Subscribe free to our newsletters via your
. 24/7 Space News .

Tracking Ballistic Missiles From 'Birth-to-Death'
by Staff Writers
Pacific Range HI (SPX) Apr 13, 2011

File image.

Two recent Ballistic Missile Defense System-wide (BMDS) tests involving the Northrop Grumman-built Space Tracking and Surveillance System (STSS) Demonstration satellites showed that the satellite system can successfully perform the ultimate mission for space-based missile defense sensors - full-course, or 'birth-to-death' tracking of a ballistic missile.

"This is the first time a space-based sensor has tracked a ballistic missile through all phases of its flight, from launch, through midcourse and re-entry," said Doug Young, vice president, missile defense and warning for Northrop Grumman's Aerospace Systems sector in Redondo Beach, Calif.

"This birth-to-death tracking ability optimizes interceptor selection and enables the interceptor to compensate for maneuvering midcourse objects."

Young said the success came in two stages. Each time, the test target was an Aegis Readiness Assessment Vehicle. On March 9, one of the STSS satellites acquired and tracked its target until re-entry during a test designed to validate Aegis system software upgrades. The timing of the launch was coordinated between Aegis and STSS to assure visibility of the launch.

On March 15, both STSS satellites demonstrated full-course tracking once again during a portion of the U.S. Missile Defense Agency's (MDA) Aegis launch on remote campaign. Both satellites acquired the target through their track sensors and followed the missile through re-entry.

During this test, the Ground Mission Data Processing software, operating at the Missile Defense Experimentation Center, successfully produced a "stereo," 3-D track of the missile's flight path, predicting its impact point in advance.

"This is missile defense history in the making," said David Bloodgood, the company's STSS program manager.

"It's the first time a single set of sensors has followed a missile from launch through re-entry or intercept. Before now, it took a combination of sensors in space, on the ground, in the air and at sea to do what the two STSS demonstrators accomplished by themselves."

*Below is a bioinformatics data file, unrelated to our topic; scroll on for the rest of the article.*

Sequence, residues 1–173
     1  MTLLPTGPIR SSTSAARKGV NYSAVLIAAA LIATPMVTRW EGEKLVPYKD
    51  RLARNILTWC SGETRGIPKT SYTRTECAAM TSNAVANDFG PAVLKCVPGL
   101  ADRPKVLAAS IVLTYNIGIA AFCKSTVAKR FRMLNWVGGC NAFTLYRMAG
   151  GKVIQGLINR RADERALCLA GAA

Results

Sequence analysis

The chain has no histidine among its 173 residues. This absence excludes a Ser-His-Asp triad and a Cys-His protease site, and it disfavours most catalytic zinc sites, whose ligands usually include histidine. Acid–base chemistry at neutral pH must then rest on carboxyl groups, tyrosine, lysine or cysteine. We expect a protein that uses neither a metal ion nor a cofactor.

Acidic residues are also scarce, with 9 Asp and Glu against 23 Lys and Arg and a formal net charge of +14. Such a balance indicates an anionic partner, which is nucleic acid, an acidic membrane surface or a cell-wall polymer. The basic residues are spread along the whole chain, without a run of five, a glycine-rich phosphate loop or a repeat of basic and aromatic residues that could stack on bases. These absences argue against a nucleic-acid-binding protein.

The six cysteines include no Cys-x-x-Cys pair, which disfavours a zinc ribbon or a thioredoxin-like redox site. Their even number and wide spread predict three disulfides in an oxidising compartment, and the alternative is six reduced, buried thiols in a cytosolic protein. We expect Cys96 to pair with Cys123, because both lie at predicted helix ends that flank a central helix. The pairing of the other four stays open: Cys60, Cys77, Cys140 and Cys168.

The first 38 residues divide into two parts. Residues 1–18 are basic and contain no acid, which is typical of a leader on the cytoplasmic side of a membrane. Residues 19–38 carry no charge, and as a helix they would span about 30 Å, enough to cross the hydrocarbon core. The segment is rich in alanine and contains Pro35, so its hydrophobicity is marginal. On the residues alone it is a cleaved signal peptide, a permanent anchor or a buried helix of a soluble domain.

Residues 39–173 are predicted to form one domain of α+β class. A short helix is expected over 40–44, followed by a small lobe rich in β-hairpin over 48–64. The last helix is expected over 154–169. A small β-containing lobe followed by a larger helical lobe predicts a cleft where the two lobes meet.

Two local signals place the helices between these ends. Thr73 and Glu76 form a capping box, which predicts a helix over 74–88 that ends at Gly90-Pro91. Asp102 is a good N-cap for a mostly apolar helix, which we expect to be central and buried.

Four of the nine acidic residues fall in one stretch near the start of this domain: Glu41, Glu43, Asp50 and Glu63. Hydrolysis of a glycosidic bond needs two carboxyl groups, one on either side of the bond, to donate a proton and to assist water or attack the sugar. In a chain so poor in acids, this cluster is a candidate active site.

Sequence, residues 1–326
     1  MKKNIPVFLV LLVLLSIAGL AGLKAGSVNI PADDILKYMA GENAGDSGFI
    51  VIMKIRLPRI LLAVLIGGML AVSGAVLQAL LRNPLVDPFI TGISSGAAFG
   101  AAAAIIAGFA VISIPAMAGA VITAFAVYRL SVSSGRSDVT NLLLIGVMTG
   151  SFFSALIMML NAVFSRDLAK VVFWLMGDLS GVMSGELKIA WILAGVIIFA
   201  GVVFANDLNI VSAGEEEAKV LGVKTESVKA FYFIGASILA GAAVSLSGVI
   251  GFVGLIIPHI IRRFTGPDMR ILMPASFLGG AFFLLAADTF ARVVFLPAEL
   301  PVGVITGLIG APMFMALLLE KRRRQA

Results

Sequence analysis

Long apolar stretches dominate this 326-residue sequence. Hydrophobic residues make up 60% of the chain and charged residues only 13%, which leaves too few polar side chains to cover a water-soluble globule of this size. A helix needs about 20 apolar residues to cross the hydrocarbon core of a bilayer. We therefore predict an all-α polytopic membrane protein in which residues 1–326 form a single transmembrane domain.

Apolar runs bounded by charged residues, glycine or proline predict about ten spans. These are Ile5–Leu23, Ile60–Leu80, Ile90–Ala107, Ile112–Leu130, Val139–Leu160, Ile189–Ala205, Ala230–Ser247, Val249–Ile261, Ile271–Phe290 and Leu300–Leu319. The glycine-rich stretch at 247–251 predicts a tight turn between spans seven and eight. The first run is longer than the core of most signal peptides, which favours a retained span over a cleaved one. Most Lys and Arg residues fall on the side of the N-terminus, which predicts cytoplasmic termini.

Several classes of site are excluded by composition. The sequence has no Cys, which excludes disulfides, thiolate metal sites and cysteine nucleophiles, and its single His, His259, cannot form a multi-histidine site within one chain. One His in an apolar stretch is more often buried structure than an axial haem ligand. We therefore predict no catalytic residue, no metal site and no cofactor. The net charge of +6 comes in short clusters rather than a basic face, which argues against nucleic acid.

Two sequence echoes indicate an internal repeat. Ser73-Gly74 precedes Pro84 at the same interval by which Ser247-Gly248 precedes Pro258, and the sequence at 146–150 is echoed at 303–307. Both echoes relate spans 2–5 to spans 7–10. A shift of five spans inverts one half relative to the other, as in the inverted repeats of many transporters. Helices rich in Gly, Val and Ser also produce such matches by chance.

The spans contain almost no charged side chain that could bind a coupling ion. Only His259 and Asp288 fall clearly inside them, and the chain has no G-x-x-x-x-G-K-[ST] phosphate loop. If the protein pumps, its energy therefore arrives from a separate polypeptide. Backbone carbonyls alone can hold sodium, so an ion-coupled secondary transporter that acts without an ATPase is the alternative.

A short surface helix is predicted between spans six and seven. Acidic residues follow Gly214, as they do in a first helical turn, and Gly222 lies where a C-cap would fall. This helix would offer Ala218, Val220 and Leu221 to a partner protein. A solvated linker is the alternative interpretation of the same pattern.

The STSS Demonstration program plays an integral role in MDA's long-term strategy to field a constellation of precision tracking satellites as a key element of the BMDS.

The STSS satellites are demonstrating the feasibility of a space sensor to provide high-precision, real-time tracking of missiles and midcourse objects, enabling simultaneous regional, theater and strategic missile defense.


Related Links
Learn about missile defense at
Learn about nuclear weapons doctrine and defense at
All about missiles at
Learn about the Superpowers of the 21st Century at

Comment on this article via your Facebook, Yahoo, AOL, Hotmail login.

Share this article via these popular social media networks DiggDigg RedditReddit GoogleGoogle

Memory Foam Mattress Review
Newsletters :: SpaceDaily :: SpaceWar :: TerraDaily :: Energy Daily
XML Feeds :: Space News :: Earth News :: War News :: Solar Energy News

Israel's missile shield makes history
Beersheba, Israel (UPI) Apr 11, 2011
The initial success of the Iron Dome anti-missile system built by Rafael Advanced Defense Systems in shooting down Hamas rockets fired at southern Israeli cities is a potential gamechanger against the Palestinians and probably against Hezbollah in Lebanon as well. The mobile system has downed at least nine 122mm Grad rockets aimed at Beersheba and the port of Ashkelon over the last few ... read more

BRP To Contribute To Canadian Moon And Mars Exploration Programs

Naveen Jain Co-Founder And Chairman Of Moon Express

Project Morpheus To Begin Testing At NASA's Johnson Space Center

NASA Announces Winners Of 18th Annual Great Moonbuggy Race

Several Drives This Week Put Opportunity Over 17-Mile Mark

Next Mars Rover Nears Completion

Mars In Spain

Study Of 'Ruiz Garcia' Rock Completed

"I See Earth! It Is So Beautiful!"

Report Provides NASA With Direction For Next 10 Years Of Space Research

Last legends of early space flight laud Gagarin

Spacelinq The First European Space Liner

Asia's star ever brighter in space

What Future for Chang'e-2

China setting up new rocket production base

China's Tiangong-1 To Be Launched By Modified Long March II-F Rocket

The MELFI Shuffle: Contingency Planning For Preserving Samples

Space Debris No Threat To ISS

Astronauts head to ISS on spaceship Gagarin

Station Fires Engines To Avoid Orbital Debris

Arianespace to launch ASTRA 2E Satellite

PSLV Launch On April 20

Russia Looks To Grab Half Of World Space Launch Market

Mitsubishi Electric's ST-2 Satellite Arrives In French Guiana

A New Way To Find Planets

Telescope Ferrets Out Planet-Hunting Targets

White Dwarfs Could Be Fertile Ground For Other Earths

NASA Announces 2011 Carl Sagan Fellows

WHO eyes 20 year nuclear health watch in Japan

Tissue Engineers Use New System To Measure Biomaterials, Structures

Finding May End A 30-Year Scientific Debate

Researchers Find Replacement For Rare Material Indium Tin Oxide

The content herein, unless otherwise known to be public domain, are Copyright 1995-2014 - Space Media Network. AFP, UPI and IANS news wire stories are copyright Agence France-Presse, United Press International and Indo-Asia News Service. ESA Portal Reports are copyright European Space Agency. All NASA sourced material is public domain. Additional copyrights may apply in whole or part to other bona fide parties. Advertising does not imply endorsement,agreement or approval of any opinions, statements or information provided by Space Media Network on any Web page published or hosted by Space Media Network. Privacy Statement